relied on process mapping tools, which did not capture non-linear from the intractability of CSS, in which the intensity of some
interactions, multiple value wishes, parallel interactions, feedback complexity attributes cannot be reduced below a certain (high)
loops, and trade-offs. In fact, findings suggest that while complexity threshold, which undermines the performance of LP [4,98]. For
has been explicitly recognized by many studies, this is not always example, the limitations of the kanban system in environments
accompanied by changes in the analytical approaches. in which the demand is unstable have been pointed out by
several studies [105].
4.5. How is complexity managed in LP systems? (ii) Difficulty to establish cause-and-effect relationships: CSS
have emergent properties and, as a consequence, linear cause-
The literature consulted indicated that lean principles and prac- and-effect relationships cannot be assumed. For example, Ref.
tices have been used to manage several sources of complexity. A [106] heavily criticizes the use of the five whys technique,
summary of the evidence is presented in Table 6. which is commonly associated with LP, as a tool for the analy-
Although all studies presented in Table 6 argue that complexity sis of incidents in healthcare. Furthermore, waste types are so
was reduced due to LP, measurements were based on proxy mea- interrelated that it is not simple to remove one without creat-
sures such as lead time, total inventory and quality. For example, ing others [107]. To compensate for this, lean adoption in CSS
the elimination of unnecessary instruments in an operating room must adopt a slower pace [17] and make use of a ‘sense and
[95] means that there was a reduction in the diversity of elements respond’ strategy, which means conducting small experiments
that compose the system, and thus interactions were also more pre- and assessing how the system behaves, rather than planning
dictable. Thus, the system possibly became less complex at least in and deploying large projects at once [7].
the ‘diversity’ and ‘interactions’ dimensions. (iii) There are no clear-cut boundaries between waste and value:
Nevertheless, the results presented by the reviewed studies are as complexity increases, boundaries between waste and value
limited to the intervention site, and then broader impacts of lean become blurred [108]. Both waste and value can be emergent
on other systems and side-effects are not taken into account. For properties, and due to this, value may emerge from a series of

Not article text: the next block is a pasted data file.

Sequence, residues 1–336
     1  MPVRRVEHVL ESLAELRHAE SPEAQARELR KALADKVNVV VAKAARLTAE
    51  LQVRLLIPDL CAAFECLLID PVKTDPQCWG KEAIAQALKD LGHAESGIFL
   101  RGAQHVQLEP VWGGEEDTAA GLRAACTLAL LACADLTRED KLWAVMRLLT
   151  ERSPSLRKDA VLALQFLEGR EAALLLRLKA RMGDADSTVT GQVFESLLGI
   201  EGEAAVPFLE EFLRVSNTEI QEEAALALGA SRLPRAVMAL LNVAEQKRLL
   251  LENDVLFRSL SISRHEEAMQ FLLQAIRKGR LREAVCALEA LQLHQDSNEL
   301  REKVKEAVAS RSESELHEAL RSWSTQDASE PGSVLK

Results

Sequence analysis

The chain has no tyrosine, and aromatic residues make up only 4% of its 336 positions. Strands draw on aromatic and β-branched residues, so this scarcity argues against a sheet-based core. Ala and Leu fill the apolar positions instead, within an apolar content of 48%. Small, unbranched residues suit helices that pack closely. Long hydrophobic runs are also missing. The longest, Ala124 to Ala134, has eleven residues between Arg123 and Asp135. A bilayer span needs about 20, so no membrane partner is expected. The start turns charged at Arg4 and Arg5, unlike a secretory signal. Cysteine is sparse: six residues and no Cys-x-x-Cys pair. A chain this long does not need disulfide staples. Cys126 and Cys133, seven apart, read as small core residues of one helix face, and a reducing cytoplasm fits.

instance, in the study by Ref. [95] it is unclear how other systems activities that, in isolation, are waste − the opposite reason-
142 M. Soliman, T.A. Saurin / Journal of Manufacturing Systems 45 (2017) 135–148

Table 5
Methodological approaches to investigate high detailed and high dynamic systems.

Refs. Objective System studied and economic Methodological approach Is it in line with complexity science?

[66] To introduce cross-functional Installation of seismic isolation Cross-functional process No, since the method captures hands-offs,
process charts to evaluate bearings (Construction) charts but not other attributes of complexity
construction projects under lean
[68] To devise a decision-making Supply chain of laptop Framework to support No, since the framework is based on a
framework to aid waste manufacturing (Electronic waste elimination in lean causal tree, which assumes linearity
elimination in supply chains equip.) supply chains
[72] To find the best combination of Emergency Department Process mapping No, since process mapping assumes
resources that will reduce the (Healthcare) linearity
non-value added time and lead
[81] To evaluate the efficiency of Health Anesthesia Department Value Stream Mapping No, since Value Stream Mapping assumes
Information Systems in optimizing (Healthcare) linear interactions
[84] To propose a decision-making Aircraft manufacturing Framework for aiding No, since only the attribute uncertainty (or
framework to choose among (Aerospace) decision; computer variability) was taken into account
different improvement programs simulation
[89] To describe the potential of lean in Mental healthcare delivery Framework to relate lean No, since it advocated the possible benefits
a mental healthcare system system (Healthcare) and Evidence-Based of a set of lean tools in isolation
[90] To examine lean adoption in a 651-bed tertiary teaching Process mapping No, since process mapping assumes
patient discharge process hospital (Healthcare) linearity
[91] To describe the benefits of lean at Pediatrics Emergency Qualitative descriptive No, since it describes the results achieved
Seattle Children’s Hospital Department (Healthcare) analysis without assessing for the mechanisms that
made changes possible
[92] To compare the practices Civil aerospace industry Framework of the expected No, since lean practices were approached
employed in civil aerospace with a (Aerospace) characteristics of a lean isolated
typical lean sector (automotive) company
[93] To assess an alternative system to Emergency Department Linear regression No, since the evaluation focused only on
triage patients (Healthcare) indicators before/after the proposed
changes, without accounting for the
mechanism activated
[51] To assess lean in an environment F-22 jet manufacturing Conceptual framework to Yes, since it addressed complexity as an
characterized by novelty and (Aerospace) relate complexity and emerging property and accounted for
complexity novelty concepts non-linear interactions, novelty,